Denholm Education Correspondent
March 25 2002
IT HAS its origins
in the mists of eastern history and has inspired and confounded
billions of devotees down through the centuries. Chess has been
played by everyone from emperors to peasants and inspired a musical
and a ballet - despite an apparently simple story-line based on
a board and 32 small figures.
Now the game's
unique characteristics are being harnessed to tackle the behaviour
of unruly pupils in Scottish schools. Experts have discovered that
troublesome youngsters who find it almost impossible to concentrate
on a single activity can focus effectively by playing the game.
Scotland have found employing a chess tutor develops pupils' concentration,
raises academic performance and improves the behaviour of disruptive
youngsters. The positive influence of the game, which seems to work
especially well with boys, has now prompted a school in Edinburgh
to teach chess as part of the curriculum.
principal of Blackford Brae School, which deals with primary age
pupils who have behavioural difficulties, said the influence of
the game had a positive effect on his pupils. He introduced chess
to the school after a boy with an attention deficit disorder began
to control his concentration after learning how to play the game.
said: "There is a great deal to be learned from chess - how to succeed,
how to cope with losing, how to persevere when things are looking
bleak and how to build a cohesive strategy. The biggest single asset
is probably the increase in concentration levels, particularly among
boys. "There is something about chess which fires the imagination
and can get children hooked. All of a sudden, someone who has spent
months unable to sit still in a classroom for more than a few minutes
without causing trouble can find themselves immersed in a game for
up to an hour."
said the school worked to harness the positive effects of chess
to enable pupils to progress in their studies. He said: "It works
on one level by building up self-confidence and showing pupils that
they can achieve, and on another level it raises the expectations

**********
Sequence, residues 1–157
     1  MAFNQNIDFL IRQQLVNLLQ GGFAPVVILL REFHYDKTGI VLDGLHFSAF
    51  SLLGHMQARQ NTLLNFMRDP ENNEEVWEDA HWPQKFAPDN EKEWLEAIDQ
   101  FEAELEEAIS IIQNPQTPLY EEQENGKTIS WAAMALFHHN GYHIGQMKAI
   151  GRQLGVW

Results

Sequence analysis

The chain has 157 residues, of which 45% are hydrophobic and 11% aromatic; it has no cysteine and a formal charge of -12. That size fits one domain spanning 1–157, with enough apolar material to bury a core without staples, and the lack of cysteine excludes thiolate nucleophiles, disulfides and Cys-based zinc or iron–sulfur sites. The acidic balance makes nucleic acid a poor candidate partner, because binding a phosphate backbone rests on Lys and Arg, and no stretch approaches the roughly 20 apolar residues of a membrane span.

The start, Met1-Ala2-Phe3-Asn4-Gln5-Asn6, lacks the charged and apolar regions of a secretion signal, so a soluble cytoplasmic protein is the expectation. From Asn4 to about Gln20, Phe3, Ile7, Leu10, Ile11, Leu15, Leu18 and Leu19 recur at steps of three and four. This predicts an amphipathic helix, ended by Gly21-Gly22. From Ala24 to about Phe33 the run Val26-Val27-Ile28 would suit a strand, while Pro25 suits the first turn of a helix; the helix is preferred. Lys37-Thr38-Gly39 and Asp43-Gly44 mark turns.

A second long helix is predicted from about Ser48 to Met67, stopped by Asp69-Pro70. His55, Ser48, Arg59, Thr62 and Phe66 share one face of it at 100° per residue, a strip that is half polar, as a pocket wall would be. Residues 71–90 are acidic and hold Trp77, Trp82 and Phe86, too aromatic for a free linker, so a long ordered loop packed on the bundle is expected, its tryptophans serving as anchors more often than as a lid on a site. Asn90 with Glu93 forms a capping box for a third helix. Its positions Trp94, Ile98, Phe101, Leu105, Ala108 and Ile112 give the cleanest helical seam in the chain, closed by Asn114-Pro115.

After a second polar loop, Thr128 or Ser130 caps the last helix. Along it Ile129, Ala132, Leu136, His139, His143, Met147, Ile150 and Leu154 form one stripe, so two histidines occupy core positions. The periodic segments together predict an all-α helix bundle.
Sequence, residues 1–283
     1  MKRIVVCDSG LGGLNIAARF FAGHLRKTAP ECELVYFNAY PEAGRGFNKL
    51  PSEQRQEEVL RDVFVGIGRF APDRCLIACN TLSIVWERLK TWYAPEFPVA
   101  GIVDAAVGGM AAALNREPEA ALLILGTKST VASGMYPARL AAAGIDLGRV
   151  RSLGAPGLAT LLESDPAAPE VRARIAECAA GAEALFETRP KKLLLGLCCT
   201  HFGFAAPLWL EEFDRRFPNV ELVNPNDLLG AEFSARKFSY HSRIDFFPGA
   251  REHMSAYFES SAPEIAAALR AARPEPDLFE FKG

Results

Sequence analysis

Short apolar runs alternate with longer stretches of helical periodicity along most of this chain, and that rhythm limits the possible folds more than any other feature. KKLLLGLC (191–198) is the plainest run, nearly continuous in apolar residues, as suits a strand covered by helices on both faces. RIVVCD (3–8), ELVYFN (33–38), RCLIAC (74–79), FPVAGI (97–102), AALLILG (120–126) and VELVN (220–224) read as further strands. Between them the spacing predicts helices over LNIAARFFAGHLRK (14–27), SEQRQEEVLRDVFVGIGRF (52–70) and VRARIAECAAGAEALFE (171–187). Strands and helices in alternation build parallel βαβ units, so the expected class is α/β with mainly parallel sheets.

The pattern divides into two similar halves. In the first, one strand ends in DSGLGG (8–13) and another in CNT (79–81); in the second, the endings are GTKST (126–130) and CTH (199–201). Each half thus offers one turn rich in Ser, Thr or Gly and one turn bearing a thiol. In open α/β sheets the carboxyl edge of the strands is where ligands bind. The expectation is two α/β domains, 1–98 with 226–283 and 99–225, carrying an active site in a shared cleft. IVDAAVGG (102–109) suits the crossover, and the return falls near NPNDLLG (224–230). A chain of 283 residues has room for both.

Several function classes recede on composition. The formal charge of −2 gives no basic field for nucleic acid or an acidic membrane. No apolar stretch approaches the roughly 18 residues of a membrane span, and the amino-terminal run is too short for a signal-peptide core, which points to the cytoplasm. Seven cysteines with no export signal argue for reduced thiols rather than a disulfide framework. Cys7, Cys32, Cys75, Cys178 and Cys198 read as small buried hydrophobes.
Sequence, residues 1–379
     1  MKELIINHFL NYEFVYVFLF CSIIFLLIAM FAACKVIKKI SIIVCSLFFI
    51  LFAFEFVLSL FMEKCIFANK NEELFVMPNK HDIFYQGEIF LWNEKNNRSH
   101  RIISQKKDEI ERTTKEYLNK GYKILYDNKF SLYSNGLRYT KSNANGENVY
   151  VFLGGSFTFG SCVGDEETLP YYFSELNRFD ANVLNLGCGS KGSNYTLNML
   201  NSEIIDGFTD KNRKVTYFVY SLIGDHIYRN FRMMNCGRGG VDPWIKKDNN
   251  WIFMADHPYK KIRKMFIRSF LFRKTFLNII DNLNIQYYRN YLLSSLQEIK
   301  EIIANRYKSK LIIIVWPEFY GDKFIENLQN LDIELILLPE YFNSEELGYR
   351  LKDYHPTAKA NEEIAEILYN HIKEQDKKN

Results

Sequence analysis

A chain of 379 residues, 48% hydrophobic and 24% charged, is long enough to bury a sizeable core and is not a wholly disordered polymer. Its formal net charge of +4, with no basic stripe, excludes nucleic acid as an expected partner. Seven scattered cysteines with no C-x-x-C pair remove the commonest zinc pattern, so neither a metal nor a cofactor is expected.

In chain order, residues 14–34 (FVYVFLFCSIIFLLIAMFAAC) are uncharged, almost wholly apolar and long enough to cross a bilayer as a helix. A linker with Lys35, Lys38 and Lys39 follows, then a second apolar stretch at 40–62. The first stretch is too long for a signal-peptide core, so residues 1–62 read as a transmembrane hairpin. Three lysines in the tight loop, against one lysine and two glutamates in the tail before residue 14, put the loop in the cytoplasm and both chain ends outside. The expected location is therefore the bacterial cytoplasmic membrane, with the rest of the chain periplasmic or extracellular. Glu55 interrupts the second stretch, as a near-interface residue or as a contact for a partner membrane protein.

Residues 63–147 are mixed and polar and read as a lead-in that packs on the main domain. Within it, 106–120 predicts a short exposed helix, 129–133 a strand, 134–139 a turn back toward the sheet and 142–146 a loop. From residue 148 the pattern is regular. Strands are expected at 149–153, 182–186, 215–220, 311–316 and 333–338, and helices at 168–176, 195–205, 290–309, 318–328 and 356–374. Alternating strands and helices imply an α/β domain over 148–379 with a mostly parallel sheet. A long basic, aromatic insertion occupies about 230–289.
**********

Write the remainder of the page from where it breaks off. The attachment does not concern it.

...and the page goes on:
of teachers. If a child enjoys chess and learns to play it well,
then there must be potential for academic improvement. "We find
the positive benefits are particularly noticeable in maths, where
there is some degree of cross-over thinking."
treasurer of the Lothian primary school chess league, believes boys
are particularly attracted to chess because there is an element
of combat to the game. He said: "Many of us believe that chess significantly
improves critical thinking skills, as well as helping children to
develop the ability to focus and concentrate, which obviously benefits
children in their school work.
"A chess grandmaster
pointed out that two of the most popular forms of computer entertainment
are simulation games and warfare games and then noted that chess
is simply simulated warfare. "I genuinely believe that this combative
aspect of the game is inherently attractive to boys, who are often
initially impulsive in their play compared to girls who are often
more thoughtful and considered."
chess correspondent for The Scotsman, believes the game is invaluable
for its ability to promote creativity as well as having a more thoughtful
side. He claims to have personal experience on the use of chess
to calm troublesome pupils. He said: "About five years ago, I taught
chess in a school, something I don't normally do. I was warned that
there was one child who was very unruly but after six months of
chess training, the teachers discovered his work had improved because
chess helped him to concentrate."